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Jack County

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Jack County is only an hour northwest from Fort Worth down paved highways that get you to your front gate fast. There is high topo recreational ranch land in the Squaw Mountains and lush wildlife roaming free in the bottoms of the upper Trinity River and other major waterways. Priced below land found a little closer in, Jack County offers hopeful future ranch owners a lot of quality for the dollar.

Jacksboro is the county seat, joined by the communities of Bryson, Jermyn, Perrin, Antelope, Wizard Wells, Barton’s Chapel, Gibtown, Joplin and Vineyard. Elevations rise from 800 feet to 1,350 feet above sea level. The West Fork of the Trinity River joins East Rock, Howard, Lost, Crooked, Little Cleveland, the Keechi, Two Bush and Henderson Creeks in water crossing the county. Lake Bridgeport and Lake Jacksboro are both here.

Jack County was considered a borderline between the Comanche Indians to the west and the Caddo Indians to the east. The Spanish explorer Coronado was said to have passed through Jack County in the sixteenth century. The Butterfield Overland Stage route crossed east to west through the county.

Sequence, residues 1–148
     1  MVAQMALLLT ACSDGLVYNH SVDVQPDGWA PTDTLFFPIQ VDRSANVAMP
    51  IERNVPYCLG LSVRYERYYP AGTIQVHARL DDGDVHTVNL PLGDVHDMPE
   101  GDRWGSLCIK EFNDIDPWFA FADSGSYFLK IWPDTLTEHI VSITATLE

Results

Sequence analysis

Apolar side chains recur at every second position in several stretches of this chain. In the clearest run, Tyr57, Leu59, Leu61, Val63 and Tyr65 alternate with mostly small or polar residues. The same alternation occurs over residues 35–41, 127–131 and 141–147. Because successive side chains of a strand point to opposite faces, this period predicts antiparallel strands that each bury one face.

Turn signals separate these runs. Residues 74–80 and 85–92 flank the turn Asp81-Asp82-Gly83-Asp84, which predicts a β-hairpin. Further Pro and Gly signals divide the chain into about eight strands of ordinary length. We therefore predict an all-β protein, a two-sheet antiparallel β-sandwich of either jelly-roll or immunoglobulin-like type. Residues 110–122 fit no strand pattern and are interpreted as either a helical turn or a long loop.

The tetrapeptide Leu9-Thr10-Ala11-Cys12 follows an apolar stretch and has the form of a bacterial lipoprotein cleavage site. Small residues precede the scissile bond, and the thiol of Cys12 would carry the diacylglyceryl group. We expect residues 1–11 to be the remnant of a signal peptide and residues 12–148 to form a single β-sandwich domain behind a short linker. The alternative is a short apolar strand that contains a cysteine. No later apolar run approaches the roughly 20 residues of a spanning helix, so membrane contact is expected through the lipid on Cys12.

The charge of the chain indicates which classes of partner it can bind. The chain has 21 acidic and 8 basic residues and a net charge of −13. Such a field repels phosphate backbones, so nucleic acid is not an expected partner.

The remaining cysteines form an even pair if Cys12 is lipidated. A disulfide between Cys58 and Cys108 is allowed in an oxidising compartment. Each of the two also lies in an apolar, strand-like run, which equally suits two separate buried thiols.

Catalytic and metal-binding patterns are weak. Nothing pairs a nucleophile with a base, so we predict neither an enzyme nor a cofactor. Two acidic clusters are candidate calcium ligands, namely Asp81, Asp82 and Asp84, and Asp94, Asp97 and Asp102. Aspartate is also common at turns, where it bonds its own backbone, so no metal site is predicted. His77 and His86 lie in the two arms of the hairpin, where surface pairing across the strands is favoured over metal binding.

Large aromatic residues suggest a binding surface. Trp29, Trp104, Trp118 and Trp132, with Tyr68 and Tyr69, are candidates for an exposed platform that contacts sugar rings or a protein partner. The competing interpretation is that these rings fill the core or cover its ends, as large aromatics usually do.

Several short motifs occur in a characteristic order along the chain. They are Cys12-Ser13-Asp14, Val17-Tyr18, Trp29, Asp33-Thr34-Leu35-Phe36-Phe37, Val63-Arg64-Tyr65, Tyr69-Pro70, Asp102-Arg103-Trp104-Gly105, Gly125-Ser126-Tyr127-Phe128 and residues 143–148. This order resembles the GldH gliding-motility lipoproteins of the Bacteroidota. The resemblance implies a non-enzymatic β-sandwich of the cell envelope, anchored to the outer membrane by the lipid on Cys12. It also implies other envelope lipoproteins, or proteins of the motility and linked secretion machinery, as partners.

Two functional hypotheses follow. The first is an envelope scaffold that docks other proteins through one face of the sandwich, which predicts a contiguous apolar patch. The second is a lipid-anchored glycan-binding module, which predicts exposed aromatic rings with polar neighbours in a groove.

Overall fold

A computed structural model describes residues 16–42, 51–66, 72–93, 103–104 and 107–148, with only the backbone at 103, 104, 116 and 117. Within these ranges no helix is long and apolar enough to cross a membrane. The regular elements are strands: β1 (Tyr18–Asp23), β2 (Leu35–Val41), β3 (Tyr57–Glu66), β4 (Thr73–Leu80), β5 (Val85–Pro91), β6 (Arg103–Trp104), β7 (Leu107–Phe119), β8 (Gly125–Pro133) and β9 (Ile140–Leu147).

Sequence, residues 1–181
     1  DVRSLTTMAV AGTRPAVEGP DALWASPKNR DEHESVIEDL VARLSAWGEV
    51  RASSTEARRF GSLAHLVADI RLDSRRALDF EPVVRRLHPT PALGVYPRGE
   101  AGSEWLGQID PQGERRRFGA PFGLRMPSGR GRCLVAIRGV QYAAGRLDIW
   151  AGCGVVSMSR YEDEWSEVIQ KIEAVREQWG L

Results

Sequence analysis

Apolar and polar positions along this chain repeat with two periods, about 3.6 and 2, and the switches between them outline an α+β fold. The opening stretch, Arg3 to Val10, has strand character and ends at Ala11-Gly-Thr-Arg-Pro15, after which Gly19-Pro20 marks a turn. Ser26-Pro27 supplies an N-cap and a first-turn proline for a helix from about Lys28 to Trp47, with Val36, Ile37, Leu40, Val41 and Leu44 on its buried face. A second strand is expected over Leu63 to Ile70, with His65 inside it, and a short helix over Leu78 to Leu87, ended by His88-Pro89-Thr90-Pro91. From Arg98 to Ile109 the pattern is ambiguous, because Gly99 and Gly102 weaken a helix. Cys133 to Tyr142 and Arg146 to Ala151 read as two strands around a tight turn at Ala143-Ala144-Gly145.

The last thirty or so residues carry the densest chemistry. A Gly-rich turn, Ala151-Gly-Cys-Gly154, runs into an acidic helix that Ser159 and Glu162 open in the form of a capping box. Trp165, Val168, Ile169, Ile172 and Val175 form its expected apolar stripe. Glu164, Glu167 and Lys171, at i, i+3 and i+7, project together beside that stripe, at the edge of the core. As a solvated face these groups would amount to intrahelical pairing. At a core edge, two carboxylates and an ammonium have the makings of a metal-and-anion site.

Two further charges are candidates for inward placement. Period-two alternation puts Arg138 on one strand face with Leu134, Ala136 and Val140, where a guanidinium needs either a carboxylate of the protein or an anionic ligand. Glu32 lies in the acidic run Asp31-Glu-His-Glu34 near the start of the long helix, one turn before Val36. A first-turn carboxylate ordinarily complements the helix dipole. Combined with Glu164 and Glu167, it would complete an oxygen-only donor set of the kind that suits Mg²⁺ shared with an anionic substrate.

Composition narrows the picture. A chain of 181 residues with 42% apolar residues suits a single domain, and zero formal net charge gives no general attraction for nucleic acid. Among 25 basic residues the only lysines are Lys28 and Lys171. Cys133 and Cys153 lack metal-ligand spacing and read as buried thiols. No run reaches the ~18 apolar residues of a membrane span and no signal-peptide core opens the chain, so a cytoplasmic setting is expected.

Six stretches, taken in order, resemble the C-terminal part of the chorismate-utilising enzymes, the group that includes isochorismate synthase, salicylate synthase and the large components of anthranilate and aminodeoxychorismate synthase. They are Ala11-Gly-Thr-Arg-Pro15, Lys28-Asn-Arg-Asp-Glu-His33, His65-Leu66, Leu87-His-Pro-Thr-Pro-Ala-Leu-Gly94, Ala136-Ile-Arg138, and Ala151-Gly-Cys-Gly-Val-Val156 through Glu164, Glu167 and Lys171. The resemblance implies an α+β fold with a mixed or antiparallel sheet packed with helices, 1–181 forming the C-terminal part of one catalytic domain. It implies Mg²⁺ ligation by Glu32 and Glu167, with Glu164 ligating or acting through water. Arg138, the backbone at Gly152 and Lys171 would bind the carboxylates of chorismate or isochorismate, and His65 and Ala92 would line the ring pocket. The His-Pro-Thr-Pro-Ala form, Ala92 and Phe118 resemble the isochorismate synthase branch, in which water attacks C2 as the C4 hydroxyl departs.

Fort Richardson just south of present-day Jacksboro was established in 1867 and completed in 1869 to protect settlers against Indian attacks. Fort Richardson is a must-see while visiting the area.

Cattle ranching was (and is) a major driver in the Jack County economy. Vast ranches boasted some of the largest herds in the nation.

Jack County has become a desired locale for Metroplex buyers of recreational ranches due to its ease of access and the beauty of the land to be found here. Local conditions like the presence (or absence) of ground water make retaining a land broker knowledgeable about local conditions a prudent first step.

 


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